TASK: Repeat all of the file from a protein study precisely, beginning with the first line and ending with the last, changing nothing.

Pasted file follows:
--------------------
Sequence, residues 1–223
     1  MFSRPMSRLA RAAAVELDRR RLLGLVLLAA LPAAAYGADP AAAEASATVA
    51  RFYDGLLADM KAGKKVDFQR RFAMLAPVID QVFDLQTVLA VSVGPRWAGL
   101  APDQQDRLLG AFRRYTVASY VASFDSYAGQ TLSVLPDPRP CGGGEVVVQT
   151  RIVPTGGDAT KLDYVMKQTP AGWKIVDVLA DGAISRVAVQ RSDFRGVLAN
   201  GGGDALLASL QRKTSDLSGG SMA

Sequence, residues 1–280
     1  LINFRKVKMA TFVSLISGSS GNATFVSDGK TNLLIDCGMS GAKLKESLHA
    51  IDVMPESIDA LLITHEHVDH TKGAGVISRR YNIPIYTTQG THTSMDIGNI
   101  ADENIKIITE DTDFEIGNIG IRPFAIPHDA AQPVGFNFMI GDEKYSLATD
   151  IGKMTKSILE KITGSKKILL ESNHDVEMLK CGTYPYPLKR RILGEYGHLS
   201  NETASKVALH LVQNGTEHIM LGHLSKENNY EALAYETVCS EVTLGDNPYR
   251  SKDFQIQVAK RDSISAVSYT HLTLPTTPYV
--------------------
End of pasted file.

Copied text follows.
Sequence, residues 1–223
     1  MFSRPMSRLA RAAAVELDRR RLLGLVLLAA LPAAAYGADP AAAEASATVA
    51  RFYDGLLADM KAGKKVDFQR RFAMLAPVID QVFDLQTVLA VSVGPRWAGL
   101  APDQQDRLLG AFRRYTVASY VASFDSYAGQ TLSVLPDPRP CGGGEVVVQT
   151  RIVPTGGDAT KLDYVMKQTP AGWKIVDVLA DGAISRVAVQ RSDFRGVLAN
   201  GGGDALLASL QRKTSDLSGG SMA

Sequence, residues 1–280
     1  LINFRKVKMA TFVSLISGSS GNATFVSDGK TNLLIDCGMS GAKLKESLHA
    51  IDVMPESIDA LLITHEHVDH TKGAGVISRR YNIPIYTTQG THTSMDIGNI
   101  ADENIKIITE DTDFEIGNIG IRPFAIPHDA AQPVGFNFMI GDEKYSLATD
   151  IGKMTKSILE KITGSKKILL ESNHDVEMLK CGTYPYPLKR RILGEYGHLS
   201  NETASKVALH LVQNGTEHIM LGHLSKENNY EALAYETVCS EVTLGDNPYR
   251  SKDFQIQVAK RDSISAVSYT HLTLPTTPYV